You remember the first time at the Mobile Civic Center. It was May 28, 1995, and you were there for a ballet recital rehearsal. You’d danced in the first town you lived in but nothing like this, nothing this...prestigious.
Your mother drives you to the theatre (it’s sublime weather in Mobile, Alabama, as springtime in Mobile is always a row of perfect days), you meet The Civic Center lobby, a big, cavernous, empty, shell of a room in dull gray. (In your adulthood, in reflection, you realize that this probably looked quite modern when it was built.) The following year you’re accepted into the pre-professional ballet company and the world cues, call times, sequined tutus and famous guest dancers becomes the center of your universe -- you’re in love with being on stage and its something you can’t replicate anywhere else. Everything that you do that first year: listening to Duke Ellington’s jazzy “Nutcracker Suite” on drives to the theater, having McDonald’s post-show, doing homework while you stretch in the wings, has become tradition that you cling to.
Looking back, those were “The Good Years”. You had some early childhood trauma, but those years on stage were the years before it sunk in; before the delayed reaction, before you would realise, before the anger and the sadness. (You can’t write that there was a bookend to that, either, once that starts it’s a machine that doesn’t end, even now). Which is why that time was important, it was rosy and uncomplicated. But you come to love this theater because it has become synonymous with The Good Years. Eventually you quit ballet.
After college you decide to move to New York to become a writer. On your last night in Mobile you take a drive past it and park outside. You look into the darkened lobby and remember -- damn, there are so many good things: the time the famous Joffrey Ballet dancer told you that she thought you did a “great job”, the hide-and-seek games on the third floor, the time you got locked outside of the theater with your favorite ABT dancer, seeing snow flurries during a rehearsal for “The Nutcracker” (a rarity in the south), the time you were leaving and a group of African-American school children stopped to wave at you and marvel at the “black ballerina” (you could only smile sheepishly). Your mother says the first time she saw you pas de basque across the stage in a pale pink, romantic tutu, that tears sprung to her eyes.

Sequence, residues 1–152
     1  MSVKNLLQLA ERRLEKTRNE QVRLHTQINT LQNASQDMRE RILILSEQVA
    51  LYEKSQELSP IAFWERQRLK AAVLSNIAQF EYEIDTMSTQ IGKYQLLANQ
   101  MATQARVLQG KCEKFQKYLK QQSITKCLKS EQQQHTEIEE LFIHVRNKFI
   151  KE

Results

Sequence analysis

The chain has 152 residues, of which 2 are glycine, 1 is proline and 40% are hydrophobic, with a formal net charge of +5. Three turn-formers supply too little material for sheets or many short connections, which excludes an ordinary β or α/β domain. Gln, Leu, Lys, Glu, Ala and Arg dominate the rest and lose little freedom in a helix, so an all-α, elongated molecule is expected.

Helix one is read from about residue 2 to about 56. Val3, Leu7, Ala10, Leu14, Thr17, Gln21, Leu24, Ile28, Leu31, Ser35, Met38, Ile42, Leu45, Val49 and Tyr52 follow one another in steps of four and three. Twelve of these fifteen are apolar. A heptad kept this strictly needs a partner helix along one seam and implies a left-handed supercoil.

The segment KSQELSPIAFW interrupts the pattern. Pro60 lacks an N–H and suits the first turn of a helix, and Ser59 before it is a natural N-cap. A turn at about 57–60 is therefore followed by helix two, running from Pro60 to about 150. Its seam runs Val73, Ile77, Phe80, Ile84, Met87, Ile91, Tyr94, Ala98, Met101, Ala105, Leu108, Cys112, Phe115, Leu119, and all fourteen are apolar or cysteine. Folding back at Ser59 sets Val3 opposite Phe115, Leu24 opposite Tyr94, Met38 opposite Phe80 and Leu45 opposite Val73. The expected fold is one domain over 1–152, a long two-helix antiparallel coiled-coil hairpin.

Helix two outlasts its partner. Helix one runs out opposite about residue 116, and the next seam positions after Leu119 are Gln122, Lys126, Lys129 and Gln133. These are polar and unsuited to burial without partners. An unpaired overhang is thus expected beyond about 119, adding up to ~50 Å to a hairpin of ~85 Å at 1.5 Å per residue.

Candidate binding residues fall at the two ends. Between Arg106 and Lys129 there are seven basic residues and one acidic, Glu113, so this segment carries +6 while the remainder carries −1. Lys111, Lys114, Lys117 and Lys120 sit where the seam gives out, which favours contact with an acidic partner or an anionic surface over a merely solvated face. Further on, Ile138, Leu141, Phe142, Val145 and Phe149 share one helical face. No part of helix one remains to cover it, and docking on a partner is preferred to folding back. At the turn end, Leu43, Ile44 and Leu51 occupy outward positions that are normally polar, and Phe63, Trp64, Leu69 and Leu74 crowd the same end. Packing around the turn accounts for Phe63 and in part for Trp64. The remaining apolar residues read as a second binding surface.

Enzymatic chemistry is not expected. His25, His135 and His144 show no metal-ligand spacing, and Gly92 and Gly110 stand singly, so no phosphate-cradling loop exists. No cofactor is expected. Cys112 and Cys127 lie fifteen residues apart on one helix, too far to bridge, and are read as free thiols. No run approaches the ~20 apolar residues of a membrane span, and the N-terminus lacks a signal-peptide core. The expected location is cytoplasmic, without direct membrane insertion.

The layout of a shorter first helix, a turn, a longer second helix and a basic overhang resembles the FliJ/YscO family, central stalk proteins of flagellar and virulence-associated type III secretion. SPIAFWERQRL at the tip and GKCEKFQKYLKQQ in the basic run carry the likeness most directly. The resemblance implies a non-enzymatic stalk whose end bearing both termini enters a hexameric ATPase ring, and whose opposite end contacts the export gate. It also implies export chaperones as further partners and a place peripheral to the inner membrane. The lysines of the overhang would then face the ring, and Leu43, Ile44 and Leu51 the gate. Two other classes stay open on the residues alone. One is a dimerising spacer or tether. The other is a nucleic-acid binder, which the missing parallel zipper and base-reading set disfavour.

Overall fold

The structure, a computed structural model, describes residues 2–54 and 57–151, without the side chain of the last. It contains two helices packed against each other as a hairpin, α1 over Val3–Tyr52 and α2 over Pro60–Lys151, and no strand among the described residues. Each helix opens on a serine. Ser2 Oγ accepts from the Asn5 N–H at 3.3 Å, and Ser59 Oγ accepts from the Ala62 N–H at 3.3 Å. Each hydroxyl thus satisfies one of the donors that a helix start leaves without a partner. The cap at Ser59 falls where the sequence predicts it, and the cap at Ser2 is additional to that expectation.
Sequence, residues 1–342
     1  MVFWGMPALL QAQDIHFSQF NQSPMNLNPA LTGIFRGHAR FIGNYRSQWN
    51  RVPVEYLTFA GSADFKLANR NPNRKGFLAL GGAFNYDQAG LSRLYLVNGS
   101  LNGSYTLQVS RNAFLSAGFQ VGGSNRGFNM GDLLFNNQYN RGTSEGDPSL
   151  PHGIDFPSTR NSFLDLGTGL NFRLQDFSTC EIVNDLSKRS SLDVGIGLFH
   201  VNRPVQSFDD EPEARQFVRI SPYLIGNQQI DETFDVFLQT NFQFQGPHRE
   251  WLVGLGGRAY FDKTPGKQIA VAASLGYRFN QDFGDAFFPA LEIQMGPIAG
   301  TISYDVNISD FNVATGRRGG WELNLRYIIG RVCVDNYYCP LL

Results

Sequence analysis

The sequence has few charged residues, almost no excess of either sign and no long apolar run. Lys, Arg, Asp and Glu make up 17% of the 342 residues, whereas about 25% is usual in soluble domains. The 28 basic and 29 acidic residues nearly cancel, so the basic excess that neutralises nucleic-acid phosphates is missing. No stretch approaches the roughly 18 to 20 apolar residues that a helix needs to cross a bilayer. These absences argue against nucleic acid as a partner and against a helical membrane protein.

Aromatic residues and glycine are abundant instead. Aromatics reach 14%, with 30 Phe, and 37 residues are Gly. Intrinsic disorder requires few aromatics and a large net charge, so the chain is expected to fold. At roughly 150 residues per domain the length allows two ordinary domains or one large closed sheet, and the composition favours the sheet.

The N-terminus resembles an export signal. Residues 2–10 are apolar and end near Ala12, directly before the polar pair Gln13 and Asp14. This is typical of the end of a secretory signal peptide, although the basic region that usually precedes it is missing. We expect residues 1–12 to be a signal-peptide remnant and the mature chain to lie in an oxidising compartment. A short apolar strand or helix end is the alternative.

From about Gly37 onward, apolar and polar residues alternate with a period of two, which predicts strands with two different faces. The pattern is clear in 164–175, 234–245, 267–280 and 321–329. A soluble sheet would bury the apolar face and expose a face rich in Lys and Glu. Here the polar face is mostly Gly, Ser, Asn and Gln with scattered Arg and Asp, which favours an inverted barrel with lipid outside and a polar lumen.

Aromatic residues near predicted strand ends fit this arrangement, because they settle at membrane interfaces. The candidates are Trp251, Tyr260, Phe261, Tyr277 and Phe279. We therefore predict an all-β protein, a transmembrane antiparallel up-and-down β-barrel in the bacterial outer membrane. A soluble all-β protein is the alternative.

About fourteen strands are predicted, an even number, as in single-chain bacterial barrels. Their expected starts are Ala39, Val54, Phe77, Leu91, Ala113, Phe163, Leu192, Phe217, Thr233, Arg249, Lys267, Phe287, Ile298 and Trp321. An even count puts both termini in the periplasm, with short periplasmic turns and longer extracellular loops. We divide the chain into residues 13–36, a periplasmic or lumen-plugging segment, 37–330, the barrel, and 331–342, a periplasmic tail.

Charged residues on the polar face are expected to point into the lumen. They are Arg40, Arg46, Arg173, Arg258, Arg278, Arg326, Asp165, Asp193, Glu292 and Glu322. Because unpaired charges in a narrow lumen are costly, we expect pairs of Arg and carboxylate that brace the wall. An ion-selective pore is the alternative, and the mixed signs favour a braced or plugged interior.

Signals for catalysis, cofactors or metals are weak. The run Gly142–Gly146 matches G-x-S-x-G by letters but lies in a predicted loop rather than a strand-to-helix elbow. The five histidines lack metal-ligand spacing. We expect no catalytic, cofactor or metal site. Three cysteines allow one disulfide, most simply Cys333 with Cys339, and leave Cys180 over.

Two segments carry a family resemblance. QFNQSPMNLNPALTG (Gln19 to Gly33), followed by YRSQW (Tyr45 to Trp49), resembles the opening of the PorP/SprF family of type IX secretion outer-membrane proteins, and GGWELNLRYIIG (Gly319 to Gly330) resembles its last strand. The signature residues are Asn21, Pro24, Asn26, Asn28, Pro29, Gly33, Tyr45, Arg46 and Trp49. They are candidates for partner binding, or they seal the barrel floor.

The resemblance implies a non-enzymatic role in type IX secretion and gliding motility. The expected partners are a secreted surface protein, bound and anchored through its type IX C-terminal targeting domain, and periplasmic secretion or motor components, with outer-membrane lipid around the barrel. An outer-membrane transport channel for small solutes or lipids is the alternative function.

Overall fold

Years pass. You have integrated into New York life. You go back to Mobile sporadically for the occasional wedding, debutante ball or Christmas, and you make it a point to drive by the Civic Center Theater.
You get news in the winter this year that the new mayor Sandy Stimpson (who you haven’t even heard of, a sad reminder of your constant distancing from Mobile) wants to tear the Civic Center down. This news makes a crack in your heart, a precursor to it breaking. You pen a terse letter to the editor of the Mobile Press-Register and fume privately. A few days later the Mayor announces an official timeline for a demolition (April of 2016) and your heart, still intact, cracks deeper still.
The city thinks the Civic Center is a revenue suck; an ugly waste of space. They like the gilded-age, old-timey look of it’s rival, the Saenger Theater. You wish they could see what you see. When you close your eyes you’re brought back to a typical “off” day at the venue -- a janitor in a burgundy blazer with a whistle that echoes through the halls and the tap-tapping of a hollow dustbin. For some reason, this quotidien scene is romantic to you.
You know that these things happen. You’ve read every quote about change and you hate them all. There was a time when you used to see people protesting when they closed famous, decaying department stores and diners, and read their quotes in the paper and think they’d gone mad. You try to forget about it, you consider a formal protest, handcuffs to the building, posters and tie-dye, but then you remember that you might be the only one who cares.